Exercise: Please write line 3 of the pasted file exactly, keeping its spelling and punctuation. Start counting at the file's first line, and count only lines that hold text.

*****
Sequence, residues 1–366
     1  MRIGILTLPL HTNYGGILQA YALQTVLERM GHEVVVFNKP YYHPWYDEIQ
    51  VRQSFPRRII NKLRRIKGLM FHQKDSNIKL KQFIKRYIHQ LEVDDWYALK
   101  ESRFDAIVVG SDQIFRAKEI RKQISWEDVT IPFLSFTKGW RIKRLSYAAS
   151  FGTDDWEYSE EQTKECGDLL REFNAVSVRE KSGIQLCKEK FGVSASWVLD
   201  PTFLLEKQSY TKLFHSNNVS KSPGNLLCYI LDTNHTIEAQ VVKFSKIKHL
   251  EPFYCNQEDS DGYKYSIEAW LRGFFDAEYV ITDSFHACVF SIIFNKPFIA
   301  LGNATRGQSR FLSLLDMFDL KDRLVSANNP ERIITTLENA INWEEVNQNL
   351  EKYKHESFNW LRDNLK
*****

    51  VRQSFPRRII NKLRRIKGLM FHQKDSNIKL KQFIKRYIHQ LEVDDWYALK